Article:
finding a prior decision inapplicable to its analysis because the policy language at issue was "altogether different"Summary of this case from Quanta Indemnity Co. v. Davis Homes, LLC
February 28, 1992.
Appeal from the Superior Court, Marion County, Gerald S. Zore, J.
W.F. Conour, Rex E. Baker, Conour Doehrman, Indianapolis, for appellant.
Steven H. Frank, Carter Leerkamp, Indianapolis, for appellee.
Plaintiff-appellant Thomas Tate seeks transfer to this Court following the decision of the Court of Appeals affirming summary judgment for Secura Insurance, A Mutual Company, the defendant-appellee, as to the interpretation to be given an automobile insurance policy providing underinsured motorists coverage. Tate v. Secura Insurance (1990), Ind. App., 561 N.E.2d 814.
Tate was seriously injured as he was providing assistance to a car stalled in the parking lane of an Indianapolis street when it was struck by a vehicle operated by an intoxicated driver. Tate settled with the driver's insurance company for $50,000, the maximum payable under the driver's bodily injury liability coverage. With alleged preliminary medical expenses already in excess of $60,000, past and future income losses, permanent impairment, and the possibility of future amputation, Tate claimed that the reasonable value of his total damages was in excess of $100,000 and asserted a claim under the underinsured motorists provision of his own automobile insurance policy with Secura, which denied the claim. Tate's law suit for breach of contract ensued, resulting in summary judgment in favor of Secura, and the Court of Appeals affirmed. We now grant Tate's petition for transfer.
Secura contends, and we agree, that the summary judgment should be affirmed if the trial court was correct upon any one of the of the following potentially dispositive issues:
1. whether Tate is entitled to receive up to $50,000 under his Secura underinsured motorists coverage with $50,000 limits where his total damages exceed the tortfeasor's $50,000 bodily injury liability insurance limits;
2. whether Tate's claim is precluded for failure to comply with the provisions requiring exhaustion of applicable bodily injury liability insurance; and
3. whether Tate's claim is precluded for failure to obtain Secura's consent to his settlement with the underinsured driver.
Arguing that summary judgment in favor of Secura is improper on each of these questions, Tate presents an additional issue regarding the affidavit of an expert witness, which we will not address due to our resolution of the dispositive issues.
1. Do Tate's limits preclude his claim?
Tate contends that when the total damages to an insured person exceed the tortfeasor's liability limits, the amount of recovery under his underinsured motorists coverage is the full amount of damages sustained less the tortfeasor's liability limits already received, or the limits of the underinsured motorists coverage, whichever is less. Secura contends that where, as here, the tortfeasor's liability insurance limits are equal to those of its policyholder's underinsured motorists coverage, the reduction provisions of the policy preclude payment.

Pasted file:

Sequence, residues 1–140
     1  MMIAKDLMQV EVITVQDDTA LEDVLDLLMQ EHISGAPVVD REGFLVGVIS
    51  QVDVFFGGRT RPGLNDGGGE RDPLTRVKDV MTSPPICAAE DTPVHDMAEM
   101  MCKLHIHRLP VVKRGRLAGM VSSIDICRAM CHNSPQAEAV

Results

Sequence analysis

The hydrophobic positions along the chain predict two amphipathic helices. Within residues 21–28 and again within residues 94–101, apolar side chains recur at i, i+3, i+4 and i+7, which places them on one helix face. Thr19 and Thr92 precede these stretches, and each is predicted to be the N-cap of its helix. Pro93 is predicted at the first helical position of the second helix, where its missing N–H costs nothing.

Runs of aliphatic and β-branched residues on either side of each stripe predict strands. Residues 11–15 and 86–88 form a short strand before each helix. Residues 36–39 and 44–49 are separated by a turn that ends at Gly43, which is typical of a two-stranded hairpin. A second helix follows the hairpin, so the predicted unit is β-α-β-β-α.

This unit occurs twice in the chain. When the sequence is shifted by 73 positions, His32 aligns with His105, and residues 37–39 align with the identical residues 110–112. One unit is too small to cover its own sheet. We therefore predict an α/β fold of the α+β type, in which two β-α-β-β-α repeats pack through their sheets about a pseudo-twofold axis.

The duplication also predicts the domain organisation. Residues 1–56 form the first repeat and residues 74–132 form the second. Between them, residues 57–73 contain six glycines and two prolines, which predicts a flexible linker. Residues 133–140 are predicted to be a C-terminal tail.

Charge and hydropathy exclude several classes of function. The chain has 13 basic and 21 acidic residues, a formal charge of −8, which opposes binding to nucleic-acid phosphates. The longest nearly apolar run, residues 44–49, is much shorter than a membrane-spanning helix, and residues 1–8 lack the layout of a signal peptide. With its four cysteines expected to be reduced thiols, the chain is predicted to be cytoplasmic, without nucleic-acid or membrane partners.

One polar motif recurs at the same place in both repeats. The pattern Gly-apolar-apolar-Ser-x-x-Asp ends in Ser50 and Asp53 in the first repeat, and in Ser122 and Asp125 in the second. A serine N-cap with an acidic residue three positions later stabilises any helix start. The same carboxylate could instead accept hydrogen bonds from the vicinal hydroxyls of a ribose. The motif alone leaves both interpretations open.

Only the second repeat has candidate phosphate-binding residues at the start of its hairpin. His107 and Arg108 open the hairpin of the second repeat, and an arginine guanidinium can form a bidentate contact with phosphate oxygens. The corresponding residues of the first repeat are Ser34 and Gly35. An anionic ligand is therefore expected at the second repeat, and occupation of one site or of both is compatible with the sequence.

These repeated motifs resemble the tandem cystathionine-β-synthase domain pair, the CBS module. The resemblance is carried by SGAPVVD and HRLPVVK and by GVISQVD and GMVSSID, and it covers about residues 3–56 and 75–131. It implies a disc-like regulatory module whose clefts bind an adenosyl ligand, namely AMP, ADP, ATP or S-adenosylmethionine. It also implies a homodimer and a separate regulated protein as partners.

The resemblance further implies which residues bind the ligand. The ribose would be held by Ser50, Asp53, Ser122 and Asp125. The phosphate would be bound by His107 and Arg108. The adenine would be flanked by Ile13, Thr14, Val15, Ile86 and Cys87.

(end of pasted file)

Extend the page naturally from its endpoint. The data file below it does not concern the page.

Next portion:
Except where otherwise indicated, emphasized words or phrases within insurance policy passages quoted in this opinion were italicized in the policy to designate terms expressly defined in the insurance contract.
PART III — UNINSURED MOTORISTS COVERAGE AND UNDERINSURED MOTORISTS COVERAGE
* * * * * *
COVERAGE C-2 UNDERINSURED MOTORISTS COVERAGE
We will pay damages which an insured person is legally entitled to recover from the owner or operator of an underinsured motor vehicle because of bodily injury sustained by an insured person and caused by an accident.
* * * * * *
ADDITIONAL PROVISIONS APPLICABLE TO PART III ONLY
* * * * * *
As used in this part:
* * * * * *
3. "Underinsured motor vehicle" means a land motor vehicle or trailer, which is insured by a liability policy or bond at the time of the accident which provides bodily injury liability limits less than the amount of total damages an insured person is legally entitled to recover but which are uncompensated because the damages exceed those limits.
* * * * * *
D. Reductions in the Amounts Payable
Amounts payable will be reduced by:
1. Amounts paid because of the bodily injury by, or on behalf of, persons or organizations who may be legally responsible.
Record at 10-11. The declaration page of the policy specified that Tate's limit of liability for underinsured motorists coverage was $50,000 per person. Record at 146.
The interpretation of an insurance policy, as with other contracts, is primarily a question of law for the court, even if the policy contains an ambiguity needing resolution. Eli Lilly Co. v. Home Insurance Co. (1985), Ind., 482 N.E.2d 467, cert. denied, 479 U.S. 1060, 107 S.Ct. 940, 93 L.Ed.2d 990. It is only where a contract is ambiguous and its interpretation requires extrinsic evidence that the fact finder must determine the facts upon which the contract rests. Kordick v. Merchants Nat'l Bank and Trust Co. (1986), Ind. App., 496 N.E.2d 119; Wilson, Adm'x v. Kauffman (1973), 156 Ind. App. 307, 296 N.E.2d 432. If insurance policy language is clear and unambiguous, it should be given its plain and ordinary meaning. Spears v. Jackson (1980), Ind. App., 398 N.E.2d 718. If there is an ambiguity, the policy should be interpreted most favorably to the insured. Miller v. Dilts (1984), Ind., 463 N.E.2d 257. It should be construed to further the policy's basic purpose of indemnity, Eli Lilly, 482 N.E.2d 467.